It's been a few years since we heard from Caroline Hervé - aka Miss Kittin - and in that time she's obviously been busy. Her return is a sprawling double discer; the first being more vocal and tune laden, the second more instrumental and abstract. Both have their merits. Both could do with a bit of the other.
Double albums certainly get you noticed but you need to make sure that the second hour is of benefit. People overlook the odd duff track or lull if there is an interesting concept to the journey (The Knife's Tomorrow, in a Year), a wealth of standout moments (Magnetic Fields' 69 love songs) or genuine experimentation (The Beatles The Beatles). But here they feel like a method of organisation, merely keeping the output neatly categorised. A couple of tracks from the second disc halfway through the first would have given the listener breathing space to regroup. Instead you get two sequences of similarly paced songs in a row which become hard to tell apart from another.
And that's a shame, because these tracks move away from the humour of her earlier work or sheer noise of her Noughties output, inhabiting a more confident, crafted space. 'Maneki Neko' sounds direct, distinct and timeless, 'Flash Forward' is a master class in that detached, couldn't-give-a-toss tone of delivery Kittin excels at, 'Bassline' employs some quite brilliant piano and vocal effects to cap an already great song and 'Night of the Light' is terrific, building broodily like it's about to unleash hell at the end.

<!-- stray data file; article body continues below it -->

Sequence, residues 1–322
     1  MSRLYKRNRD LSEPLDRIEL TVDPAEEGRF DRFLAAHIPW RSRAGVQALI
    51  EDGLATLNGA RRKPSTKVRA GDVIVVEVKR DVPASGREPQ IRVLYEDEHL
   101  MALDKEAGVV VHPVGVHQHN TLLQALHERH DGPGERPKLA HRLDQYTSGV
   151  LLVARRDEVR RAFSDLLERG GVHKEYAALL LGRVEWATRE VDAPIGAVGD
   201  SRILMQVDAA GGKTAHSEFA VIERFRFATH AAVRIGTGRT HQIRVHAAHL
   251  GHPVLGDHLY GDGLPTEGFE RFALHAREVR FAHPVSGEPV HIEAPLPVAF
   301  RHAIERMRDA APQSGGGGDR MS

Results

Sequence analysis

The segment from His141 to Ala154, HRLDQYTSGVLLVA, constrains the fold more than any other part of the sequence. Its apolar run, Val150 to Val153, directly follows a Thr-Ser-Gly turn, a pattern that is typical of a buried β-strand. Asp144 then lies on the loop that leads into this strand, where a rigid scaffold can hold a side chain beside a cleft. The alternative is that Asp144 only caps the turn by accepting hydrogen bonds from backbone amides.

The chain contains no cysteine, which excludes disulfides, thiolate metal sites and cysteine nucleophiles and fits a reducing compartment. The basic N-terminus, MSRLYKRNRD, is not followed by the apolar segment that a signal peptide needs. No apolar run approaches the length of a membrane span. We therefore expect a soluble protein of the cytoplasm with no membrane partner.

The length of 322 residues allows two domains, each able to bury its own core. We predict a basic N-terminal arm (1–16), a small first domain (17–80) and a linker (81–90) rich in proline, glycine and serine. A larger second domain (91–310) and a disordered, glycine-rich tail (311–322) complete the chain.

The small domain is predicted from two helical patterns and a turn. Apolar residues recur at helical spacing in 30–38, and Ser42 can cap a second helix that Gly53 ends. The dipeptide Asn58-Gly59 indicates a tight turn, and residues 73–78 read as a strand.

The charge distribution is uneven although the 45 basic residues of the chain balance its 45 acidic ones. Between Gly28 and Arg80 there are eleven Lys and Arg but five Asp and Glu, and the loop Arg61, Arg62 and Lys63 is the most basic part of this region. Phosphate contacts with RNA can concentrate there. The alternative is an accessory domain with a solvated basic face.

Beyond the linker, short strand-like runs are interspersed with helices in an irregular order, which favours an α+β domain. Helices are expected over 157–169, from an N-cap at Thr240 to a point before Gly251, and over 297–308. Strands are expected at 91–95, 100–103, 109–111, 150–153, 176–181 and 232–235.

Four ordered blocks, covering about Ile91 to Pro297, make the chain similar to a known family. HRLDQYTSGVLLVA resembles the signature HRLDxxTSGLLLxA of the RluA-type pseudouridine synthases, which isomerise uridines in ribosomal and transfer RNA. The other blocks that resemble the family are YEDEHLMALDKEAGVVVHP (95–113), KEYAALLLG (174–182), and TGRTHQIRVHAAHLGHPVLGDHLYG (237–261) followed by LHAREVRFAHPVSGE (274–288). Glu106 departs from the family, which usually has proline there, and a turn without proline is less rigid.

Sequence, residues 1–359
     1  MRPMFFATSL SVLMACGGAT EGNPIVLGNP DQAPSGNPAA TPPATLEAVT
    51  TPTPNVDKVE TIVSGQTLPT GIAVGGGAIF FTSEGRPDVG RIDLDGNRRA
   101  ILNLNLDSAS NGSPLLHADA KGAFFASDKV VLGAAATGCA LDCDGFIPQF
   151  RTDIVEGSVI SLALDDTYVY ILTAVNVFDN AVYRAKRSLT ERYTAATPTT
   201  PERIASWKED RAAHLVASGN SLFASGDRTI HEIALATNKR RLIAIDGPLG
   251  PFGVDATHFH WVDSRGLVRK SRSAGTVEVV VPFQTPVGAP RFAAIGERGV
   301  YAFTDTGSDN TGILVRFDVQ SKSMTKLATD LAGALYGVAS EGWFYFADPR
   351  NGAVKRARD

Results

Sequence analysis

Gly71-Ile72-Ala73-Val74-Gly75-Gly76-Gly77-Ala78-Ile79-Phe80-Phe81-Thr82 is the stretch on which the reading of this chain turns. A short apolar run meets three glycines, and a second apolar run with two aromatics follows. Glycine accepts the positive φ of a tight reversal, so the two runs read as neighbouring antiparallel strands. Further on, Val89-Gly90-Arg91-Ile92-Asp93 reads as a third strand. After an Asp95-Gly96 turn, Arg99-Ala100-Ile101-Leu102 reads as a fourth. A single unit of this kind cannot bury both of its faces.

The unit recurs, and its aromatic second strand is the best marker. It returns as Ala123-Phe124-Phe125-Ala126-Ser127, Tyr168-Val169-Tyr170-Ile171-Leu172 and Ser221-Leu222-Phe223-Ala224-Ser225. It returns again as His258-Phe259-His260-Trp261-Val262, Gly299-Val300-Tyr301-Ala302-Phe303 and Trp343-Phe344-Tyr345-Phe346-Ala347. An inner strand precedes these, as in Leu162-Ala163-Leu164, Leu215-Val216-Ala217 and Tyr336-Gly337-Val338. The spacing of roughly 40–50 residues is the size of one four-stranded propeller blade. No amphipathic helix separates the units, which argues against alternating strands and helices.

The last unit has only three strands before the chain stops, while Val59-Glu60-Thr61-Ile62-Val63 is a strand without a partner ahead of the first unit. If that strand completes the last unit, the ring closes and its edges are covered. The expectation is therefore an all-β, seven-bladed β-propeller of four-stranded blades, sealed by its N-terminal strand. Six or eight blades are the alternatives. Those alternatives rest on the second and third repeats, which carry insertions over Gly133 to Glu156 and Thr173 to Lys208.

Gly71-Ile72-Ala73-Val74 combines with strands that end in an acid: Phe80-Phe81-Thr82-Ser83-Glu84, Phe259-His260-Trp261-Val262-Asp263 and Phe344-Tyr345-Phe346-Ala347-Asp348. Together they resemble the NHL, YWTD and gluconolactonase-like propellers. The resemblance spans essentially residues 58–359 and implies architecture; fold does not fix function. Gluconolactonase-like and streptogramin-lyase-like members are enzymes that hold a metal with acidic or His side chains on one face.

Similarly, disc two has flashes of invention (though never quite as good a payoff), with 'Ballad of the 23rd century', 'Sortie des Artistes' and 'Sunset Mission' in particular impressing.
Somewhere in these two discs there is a very good hour long album laying in wait. In it's current form though, it's merely a decent one in need of editing.
6Sean Thomas's Score